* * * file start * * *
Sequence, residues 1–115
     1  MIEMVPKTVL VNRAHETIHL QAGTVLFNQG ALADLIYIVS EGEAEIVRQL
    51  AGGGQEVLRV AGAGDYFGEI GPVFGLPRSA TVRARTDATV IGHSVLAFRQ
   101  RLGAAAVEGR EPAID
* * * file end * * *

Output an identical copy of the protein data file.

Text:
Sequence, residues 1–115
     1  MIEMVPKTVL VNRAHETIHL QAGTVLFNQG ALADLIYIVS EGEAEIVRQL
    51  AGGGQEVLRV AGAGDYFGEI GPVFGLPRSA TVRARTDATV IGHSVLAFRQ
   101  RLGAAAVEGR EPAID